FOR IMMEDIATE RELEASE
August 22, 2022
Albuquerque, NM- A team of paleontologists, including two from the New Mexico Museum of Natural History & Science (NMMNHS), has discovered a new species of horned dinosaur in 74-million-year-old rocks south of Farmington.
NMMNHS Curator Dr. Spencer Lucas and Research Associate Sebastian Dalman, along with Dr. Steven E. Jasinski from Harrisburg University, published an article in the latest edition of Bulletin of the New Mexico Museum of Natural History and Science describing a new genus and species of horned dinosaur from New Mexico.
The team named the dinosaur Bisticeratops froeseorum (pronounced “Biss-tie-SAYR-uh-tops frose-e-or-um”), after the Bisti/De-na-zin Wilderness area where the fossil was collected, and for the Froese family of the musical group Tangerine Dream, one of Dalman’s favorite bands.
“Bisticeratops adds to the diversity of Late Cretaceous horned dinosaurs from New Mexico,” said Dr. Lucas. “It shows that important discoveries and analyses continue to be made in the state in our effort to understand better the history of dinosaurs during the last few million years before their extinction.”
Bisticeratops was a horned dinosaur, or ceratopsian, from the same group as the famous Triceratops, with an estimated body length of about 18 feet. This plant-eating dinosaur lived in the jungles and swamps near the seacoast that submerged what is now northwestern New Mexico 74 million years ago.
The fossil itself includes most of the skull of the dinosaur. The skull of Bisticeratops shows bite marks from a large predatory dinosaur, probably a tyrannosaur, although it is uncertain whether this was from active predation while Bisticeratops was alive or due to scavenging after it had died.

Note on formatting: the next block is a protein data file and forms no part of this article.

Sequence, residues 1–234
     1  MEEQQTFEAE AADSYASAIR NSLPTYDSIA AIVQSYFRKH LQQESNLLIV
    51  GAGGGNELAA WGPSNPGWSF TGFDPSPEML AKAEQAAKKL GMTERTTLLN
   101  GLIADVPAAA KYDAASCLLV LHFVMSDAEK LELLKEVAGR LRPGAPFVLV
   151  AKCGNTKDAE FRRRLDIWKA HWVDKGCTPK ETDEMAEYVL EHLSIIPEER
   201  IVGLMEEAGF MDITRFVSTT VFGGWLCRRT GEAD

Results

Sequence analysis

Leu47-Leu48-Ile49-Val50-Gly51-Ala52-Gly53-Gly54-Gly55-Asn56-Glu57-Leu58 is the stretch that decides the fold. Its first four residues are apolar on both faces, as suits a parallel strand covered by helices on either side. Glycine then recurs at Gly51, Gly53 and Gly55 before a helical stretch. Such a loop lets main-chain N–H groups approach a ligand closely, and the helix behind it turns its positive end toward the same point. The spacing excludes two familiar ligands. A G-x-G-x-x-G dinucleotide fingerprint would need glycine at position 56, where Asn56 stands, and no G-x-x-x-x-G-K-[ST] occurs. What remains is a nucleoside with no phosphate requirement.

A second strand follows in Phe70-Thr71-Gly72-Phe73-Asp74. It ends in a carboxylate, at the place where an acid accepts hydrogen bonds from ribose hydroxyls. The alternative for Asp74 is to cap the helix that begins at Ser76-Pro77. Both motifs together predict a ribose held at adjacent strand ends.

The discovery of Bisticeratops not only adds to New Mexico’s robust fossil record, but it adds to our understanding of horned dinosaurs in the Late Cretaceous Period more broadly. Bisticeratops joins other recently described horned dinosaurs from New Mexico—Navajoceratops, Terminocavus and Sierraceratops—in identifying what looks like a unique fauna of horned dinosaurs that lived in New Mexico 73 to 75 million years ago.
These creatures appear to be distinct from the horned dinosaurs that lived in what is now Montana and Alberta, which indicates a degree of longitudinal variation among ceratopsians. Essentially, this discovery shows that the last few million years of ceratopsian evolution were more complex than previously known.
About the New Mexico Museum of Natural History and Science The New Mexico Museum of Natural History and Science is a division of the Department of Cultural Affairs, under the leadership of the Board of Trustees of the New Mexico Museum of Natural History & Science. Programs and exhibits are generously supported by the New Mexico Museum of Natural History Foundation, through the generous support of donors. Established in 1986, the mission of the New Mexico Museum of Natural History & Science is to preserve and interpret the distinctive natural and scientific heritage of our state through extraordinary collections, research, exhibits, and programs designed to ignite a passion for lifelong learning. The NMMNHS offers exhibitions, programs, and workshops in Geoscience, including Paleontology and Mineralogy, Bioscience, and Space Science. It is the Southwest’s largest repository for fossils and includes a Planetarium and a large format 3D DynaTheater.